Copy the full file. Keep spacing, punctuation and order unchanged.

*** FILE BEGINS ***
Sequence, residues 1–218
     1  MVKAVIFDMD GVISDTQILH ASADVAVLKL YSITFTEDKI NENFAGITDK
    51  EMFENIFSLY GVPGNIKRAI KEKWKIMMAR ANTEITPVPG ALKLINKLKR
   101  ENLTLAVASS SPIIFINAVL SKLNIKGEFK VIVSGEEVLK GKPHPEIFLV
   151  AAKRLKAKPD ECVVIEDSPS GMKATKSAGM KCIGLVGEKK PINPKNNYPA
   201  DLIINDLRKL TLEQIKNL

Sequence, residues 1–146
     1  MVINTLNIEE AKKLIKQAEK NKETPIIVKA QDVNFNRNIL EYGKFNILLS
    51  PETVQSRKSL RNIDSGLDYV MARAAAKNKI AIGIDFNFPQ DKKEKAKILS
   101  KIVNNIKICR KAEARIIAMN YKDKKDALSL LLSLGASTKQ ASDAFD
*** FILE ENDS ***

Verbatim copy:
Sequence, residues 1–218
     1  MVKAVIFDMD GVISDTQILH ASADVAVLKL YSITFTEDKI NENFAGITDK
    51  EMFENIFSLY GVPGNIKRAI KEKWKIMMAR ANTEITPVPG ALKLINKLKR
   101  ENLTLAVASS SPIIFINAVL SKLNIKGEFK VIVSGEEVLK GKPHPEIFLV
   151  AAKRLKAKPD ECVVIEDSPS GMKATKSAGM KCIGLVGEKK PINPKNNYPA
   201  DLIINDLRKL TLEQIKNL

Sequence, residues 1–146
     1  MVINTLNIEE AKKLIKQAEK NKETPIIVKA QDVNFNRNIL EYGKFNILLS
    51  PETVQSRKSL RNIDSGLDYV MARAAAKNKI AIGIDFNFPQ DKKEKAKILS
   101  KIVNNIKICR KAEARIIAMN YKDKKDALSL LLSLGASTKQ ASDAFD